Discovering the Real St. Nick
The inspiring story behind the Santa Claus legend
If you ever travel to the region, it is possible to visit the home of one of the most famous saints of all time: St. Nicholas. It is nowhere near the North Pole. It’s in the temperate coastal city of ancient Myra, in southern Turkey.
Nicholas was the presiding bishop of the city. His Christian life inspired the legend of Santa Claus. Much of what is celebrated about Nicholas today is nothing more than fanciful embellishment. However, somewhat reliable streams of tradition, ancient writings, and iconography lend to an understanding of the man behind the myths.
Born in the waning years of the third century, Nicholas grew into adulthood during the reign of the Roman Emperor Diocletian, who severely persecuted the Church.
Most historians agree Nicholas did endure some form of persecution during his early adult years. Some accounts suggest he endured imprisonment and brutal beatings from the Romans. Nicholas was not venerated because of his suffering, however. He is remembered primarily for his compassion, mercy, and charity — and especially for a good deed Nicholas did even before he assumed the bishop’s role.
Nicholas was born into a wealthy family. His parents died when Nicholas was still young, and he inherited a large fortune. In fact, Nicholas became one of the wealthiest individuals in the region.
Acts 2:45 describes believers in the Early Church doing what the rich young ruler of the Gospels could not: selling property and possessions to further the work of the Kingdom. Years after these events, some Christians sought to live out the Acts 2:45 model as a lifestyle.
There were reports of Christ followers generously sharing their resources in places like Smyrna. Nicholas may have subscribed to this way of life.
According to tradition, Nicholas was also drawn to the Proverbs, especially Proverbs 22, which emphasizes compassion and justice for the poor.
Ancient sources describe how a neighbor of Nicholas, who was among the Christ followers of Myra, lost his wealth because of an act of evil against him. Impoverished, the neighbor and his three unmarried daughters were facing starvation.
Nicholas was drawn to Proverbs 22, which emphasizes compassion and justice for the poor.
Even though the daughters were beautiful, financial realities made marriage unlikely for them. There was no money for a dowry, and any man who married one of the women would assume the family’s financial burden.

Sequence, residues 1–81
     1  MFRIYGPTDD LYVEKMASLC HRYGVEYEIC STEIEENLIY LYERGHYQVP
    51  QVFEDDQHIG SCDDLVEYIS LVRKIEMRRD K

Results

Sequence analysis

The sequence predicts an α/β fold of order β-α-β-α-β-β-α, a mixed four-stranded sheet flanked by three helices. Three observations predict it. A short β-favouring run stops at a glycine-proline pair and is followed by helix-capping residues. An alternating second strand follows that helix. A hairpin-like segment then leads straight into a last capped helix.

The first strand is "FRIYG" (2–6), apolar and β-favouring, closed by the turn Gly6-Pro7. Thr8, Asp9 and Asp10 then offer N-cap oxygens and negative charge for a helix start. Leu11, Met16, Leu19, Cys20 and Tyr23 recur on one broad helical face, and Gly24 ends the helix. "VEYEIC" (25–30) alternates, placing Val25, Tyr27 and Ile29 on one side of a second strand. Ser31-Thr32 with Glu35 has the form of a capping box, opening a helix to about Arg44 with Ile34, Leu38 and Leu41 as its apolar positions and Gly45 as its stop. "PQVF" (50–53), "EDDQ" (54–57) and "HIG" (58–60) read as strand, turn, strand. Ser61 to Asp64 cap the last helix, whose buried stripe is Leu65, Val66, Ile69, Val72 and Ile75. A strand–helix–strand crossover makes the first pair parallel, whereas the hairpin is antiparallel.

Although the father of the women had always lived his life in obedience to God, the situation pushed him to desperation. Sources say the father “lost sight of his salvation” and sought to prostitute his daughters for their survival.
Nicholas was grieved to hear of these events and concocted a plan to rescue the family. Wanting to remain anonymous and spare the family any further shame, Nicholas waited until the dead of night. He dropped a large sum of money — enough to provide a dowry for the eldest daughter — through a window of the house.
Upon seeing the money the next morning, the father is said to have been overwhelmed with “ungovernable tears.” He immediately found a groom for his daughter, which brought significant relief to the family.
However, Nicholas did not stop there. He returned and quietly left a sum of money for the middle daughter’s dowry. The father was even more shocked than the first time. The most trusted of all the traditions says the man knew he had seen true mercy from the Father and experienced the immeasurable grace of God.
Nevertheless, the mission of mercy was not over for Nicholas. On another evening, he came to deliver a third dowry. But this time, Nicholas did not go undiscovered. When he dropped the money through the window, the father ran after Nicholas, throwing himself at his feet, weeping profusely, and thanking Nicholas for his actions.
Still modeling an attitude of Christ, Nicholas reminded the man that the blessings he had received were ultimately from the Father above. Despite the man’s moral failure, he had experienced the grace of God.
Nicholas told the man not to speak of these events. Nevertheless, the story eventually became widely known. Years later, a tradition arose of giving gifts on Dec. 6, the anniversary of St. Nicholas’ death. This was intended to honor the life he lived and inspire others to imitate his loving example.
Over the centuries, the story of St. Nicholas is easy to miss amid the Santa Claus legend. However, his example can still inspire us to share the love of Christ with others during the holiday season and throughout the year.